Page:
9) Durban, South Africa
Durban has always been a melting pot for South Africa, and with one of the largest Indian populations on the continent, you know you can find excellent fare a stone’s throw from almost anywhere in the city. One of the most important street foods to try is bunny chow which is a hollowed out half or quarter loaf of white bread filled with firey curry. Though no one’s quite sure how it got its name…
10) Lake Victoria
While there isn’t one quintessential city in Lake Victoria, three countries share its freshwater shores – Kenya, Tanzania, and Uganda. If you find yourself anywhere within a few hours of the lake, make sure to order some fish. Nile perch is the most common and it doesn’t matter if its skewered, filleted, or prepared whole and stuffed with herbs, onions, and spices, it will be one of the best meals you’ll have in Africa.
11) Dar es Salaam, Tanzania
Much like Mombasa, Dar es Salaam is one of the centers of Swahili food and culture for all of East Africa. Being a large and important center of trade and commerce, Dar has tons of eating options including many international and fine dining restaurants combining a wide variety of seafood with Arab and Swahili flavors and spices.
Mozambique is unique in Africa. It has the Swahili influence in the northern half of the country, and combines it with Portuguese fare and African flavors throughout. With over 1,000 miles of Indian Ocean coastline, fish, prawns, and other ocean fare can be found grilling on roadside charcoal stoves or in luxury hotels in larger cities like Maputo and Beira. Spicy piri piri combines with creamy coconut sauces to make the chicken and fish here to die for.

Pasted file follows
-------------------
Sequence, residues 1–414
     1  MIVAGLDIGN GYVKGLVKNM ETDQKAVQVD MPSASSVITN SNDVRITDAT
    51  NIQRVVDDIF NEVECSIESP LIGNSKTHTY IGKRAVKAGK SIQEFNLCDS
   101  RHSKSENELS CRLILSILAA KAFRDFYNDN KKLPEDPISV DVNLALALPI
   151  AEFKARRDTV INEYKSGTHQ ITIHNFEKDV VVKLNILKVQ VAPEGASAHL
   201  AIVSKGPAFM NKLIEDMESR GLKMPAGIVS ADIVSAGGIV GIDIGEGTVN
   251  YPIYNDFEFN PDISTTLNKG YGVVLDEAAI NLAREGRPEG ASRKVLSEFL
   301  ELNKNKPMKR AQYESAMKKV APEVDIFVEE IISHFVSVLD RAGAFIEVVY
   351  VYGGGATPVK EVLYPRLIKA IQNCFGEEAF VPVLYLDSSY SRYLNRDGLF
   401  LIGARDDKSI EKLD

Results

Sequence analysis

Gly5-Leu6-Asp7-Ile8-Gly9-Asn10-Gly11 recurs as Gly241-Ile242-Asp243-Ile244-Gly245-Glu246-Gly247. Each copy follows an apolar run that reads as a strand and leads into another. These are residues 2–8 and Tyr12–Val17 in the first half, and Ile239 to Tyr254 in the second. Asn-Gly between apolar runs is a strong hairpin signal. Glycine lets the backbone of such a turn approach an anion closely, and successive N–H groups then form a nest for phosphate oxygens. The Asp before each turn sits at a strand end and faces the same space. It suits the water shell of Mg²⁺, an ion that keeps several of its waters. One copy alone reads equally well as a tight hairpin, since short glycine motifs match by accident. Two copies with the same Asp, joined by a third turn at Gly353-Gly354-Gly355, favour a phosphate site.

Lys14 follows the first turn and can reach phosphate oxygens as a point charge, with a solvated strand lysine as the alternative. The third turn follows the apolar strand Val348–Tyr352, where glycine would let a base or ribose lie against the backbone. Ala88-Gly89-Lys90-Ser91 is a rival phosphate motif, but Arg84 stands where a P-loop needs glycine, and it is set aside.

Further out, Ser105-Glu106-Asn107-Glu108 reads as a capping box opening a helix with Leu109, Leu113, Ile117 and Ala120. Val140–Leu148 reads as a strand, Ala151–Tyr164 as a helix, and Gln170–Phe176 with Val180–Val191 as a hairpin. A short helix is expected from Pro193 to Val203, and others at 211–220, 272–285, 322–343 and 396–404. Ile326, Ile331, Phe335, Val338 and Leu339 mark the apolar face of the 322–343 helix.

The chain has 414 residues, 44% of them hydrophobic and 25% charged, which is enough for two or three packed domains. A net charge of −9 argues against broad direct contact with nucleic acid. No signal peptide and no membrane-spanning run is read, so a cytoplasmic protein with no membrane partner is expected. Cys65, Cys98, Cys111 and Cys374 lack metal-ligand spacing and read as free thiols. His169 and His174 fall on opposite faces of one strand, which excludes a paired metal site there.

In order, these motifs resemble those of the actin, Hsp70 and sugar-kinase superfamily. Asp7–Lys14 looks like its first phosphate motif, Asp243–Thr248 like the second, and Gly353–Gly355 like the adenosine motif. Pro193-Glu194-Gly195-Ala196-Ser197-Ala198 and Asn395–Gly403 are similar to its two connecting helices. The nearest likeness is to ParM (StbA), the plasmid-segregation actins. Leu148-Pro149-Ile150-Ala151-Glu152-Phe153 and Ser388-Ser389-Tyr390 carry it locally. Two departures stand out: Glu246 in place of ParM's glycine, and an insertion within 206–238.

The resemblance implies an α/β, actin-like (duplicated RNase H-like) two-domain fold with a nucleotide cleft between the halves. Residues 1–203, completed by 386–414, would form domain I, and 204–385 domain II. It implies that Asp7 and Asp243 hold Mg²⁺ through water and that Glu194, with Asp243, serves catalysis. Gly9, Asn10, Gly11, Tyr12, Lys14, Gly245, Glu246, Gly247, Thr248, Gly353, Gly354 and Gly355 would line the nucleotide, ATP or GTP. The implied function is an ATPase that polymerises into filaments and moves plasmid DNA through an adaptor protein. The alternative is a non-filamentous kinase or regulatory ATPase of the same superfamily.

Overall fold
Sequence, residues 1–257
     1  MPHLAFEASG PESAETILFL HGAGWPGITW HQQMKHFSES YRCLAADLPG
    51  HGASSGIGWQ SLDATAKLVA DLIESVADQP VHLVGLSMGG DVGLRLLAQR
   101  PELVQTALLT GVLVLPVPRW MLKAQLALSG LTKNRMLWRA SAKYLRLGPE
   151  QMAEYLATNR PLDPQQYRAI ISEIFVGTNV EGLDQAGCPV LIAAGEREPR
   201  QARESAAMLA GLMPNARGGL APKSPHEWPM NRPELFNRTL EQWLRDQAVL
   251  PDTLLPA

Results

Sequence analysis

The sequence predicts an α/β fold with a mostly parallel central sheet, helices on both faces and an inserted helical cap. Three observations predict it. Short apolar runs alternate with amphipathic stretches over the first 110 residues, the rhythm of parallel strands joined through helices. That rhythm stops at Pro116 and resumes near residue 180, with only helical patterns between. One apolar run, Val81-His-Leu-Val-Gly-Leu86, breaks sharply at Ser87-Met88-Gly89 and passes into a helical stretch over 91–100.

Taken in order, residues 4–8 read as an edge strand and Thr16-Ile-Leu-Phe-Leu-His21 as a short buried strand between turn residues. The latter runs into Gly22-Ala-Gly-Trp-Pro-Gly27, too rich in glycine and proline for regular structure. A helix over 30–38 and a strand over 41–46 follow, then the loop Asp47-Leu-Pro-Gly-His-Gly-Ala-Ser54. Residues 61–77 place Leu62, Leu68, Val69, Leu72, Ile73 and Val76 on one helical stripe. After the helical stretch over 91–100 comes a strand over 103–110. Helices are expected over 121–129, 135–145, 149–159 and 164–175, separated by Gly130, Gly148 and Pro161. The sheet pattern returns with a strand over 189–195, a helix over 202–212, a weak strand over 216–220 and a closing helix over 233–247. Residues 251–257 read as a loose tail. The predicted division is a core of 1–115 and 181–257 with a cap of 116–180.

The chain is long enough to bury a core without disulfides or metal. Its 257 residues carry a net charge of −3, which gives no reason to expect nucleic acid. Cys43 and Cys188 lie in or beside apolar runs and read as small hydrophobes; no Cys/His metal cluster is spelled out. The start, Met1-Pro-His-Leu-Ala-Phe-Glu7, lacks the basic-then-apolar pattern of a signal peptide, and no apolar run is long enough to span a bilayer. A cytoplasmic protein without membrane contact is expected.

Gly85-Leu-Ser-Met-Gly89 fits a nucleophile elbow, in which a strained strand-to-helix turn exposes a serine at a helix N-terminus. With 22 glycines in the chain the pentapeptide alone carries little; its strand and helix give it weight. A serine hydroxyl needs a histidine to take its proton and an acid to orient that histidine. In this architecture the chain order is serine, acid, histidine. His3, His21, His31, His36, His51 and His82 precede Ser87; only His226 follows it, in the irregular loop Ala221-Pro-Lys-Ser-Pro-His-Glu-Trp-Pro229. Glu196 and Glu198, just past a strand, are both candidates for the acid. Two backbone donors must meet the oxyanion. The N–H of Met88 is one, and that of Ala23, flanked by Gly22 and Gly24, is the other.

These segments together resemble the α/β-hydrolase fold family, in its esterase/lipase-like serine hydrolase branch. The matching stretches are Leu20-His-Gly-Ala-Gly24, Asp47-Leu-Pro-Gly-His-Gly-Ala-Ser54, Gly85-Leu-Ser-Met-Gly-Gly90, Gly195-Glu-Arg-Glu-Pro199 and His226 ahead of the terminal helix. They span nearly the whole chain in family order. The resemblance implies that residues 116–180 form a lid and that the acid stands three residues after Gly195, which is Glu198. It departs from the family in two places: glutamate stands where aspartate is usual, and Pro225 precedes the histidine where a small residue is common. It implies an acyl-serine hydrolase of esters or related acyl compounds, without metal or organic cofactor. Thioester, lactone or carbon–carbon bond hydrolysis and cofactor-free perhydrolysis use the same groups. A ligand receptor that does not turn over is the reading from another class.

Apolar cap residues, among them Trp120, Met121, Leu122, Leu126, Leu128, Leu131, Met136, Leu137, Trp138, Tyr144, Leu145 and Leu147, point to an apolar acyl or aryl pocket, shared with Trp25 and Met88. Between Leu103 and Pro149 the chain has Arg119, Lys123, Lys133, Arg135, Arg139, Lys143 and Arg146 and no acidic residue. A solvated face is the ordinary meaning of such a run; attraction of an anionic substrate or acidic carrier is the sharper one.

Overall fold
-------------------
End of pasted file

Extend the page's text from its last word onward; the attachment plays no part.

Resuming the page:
13) Nairobi, Kenya
As an important political, financial, and cultural hub of East Africa, Nairobi has everything from streetside Nyama Choma (barbequed or grilled meat) and ugali (starchy maize staple) to Indian cuisine and luxury restaurants. A kitschy yet delicious staple of the Nairobi food scene is Carnivore, set up like a Brazilian steakhouse but with ostrich, crocodile, antelope, and other exotic game meats on the menu.
14) Cairo, Egypt
Thousands of years of history has made Cairo not only one of Africa’s largest cities, but also one of its tastiest. Stuffed pigeon is a local specialty but falafel, shawarma (flatbread meat sandwiches), fuul madammes (mashed fava beans with oil, cheese, onions, and spices), and koshary (a hearty bowl of starch featuring rice, pasta, chickpeas, lentils, fried onions, and tomato sauce) are a few staples you’ll find in any restaurant or street corner.
15) Johannesburg, South Africa
Much like the rainbow nation itself, Joburg is a mix of everything, not dissimilar to Cape Town. African, Dutch, English, South Asian, and other influences all vie for supremacy in this multi-cultural city. Potjiekos (pot food) is an important multi-layered dish cooked in a cast-iron pot, but for the truly adventurous, try a smiley (cooked sheep’s head) or walkie-talkie (a chicken feet stew).
Source: AFK Insider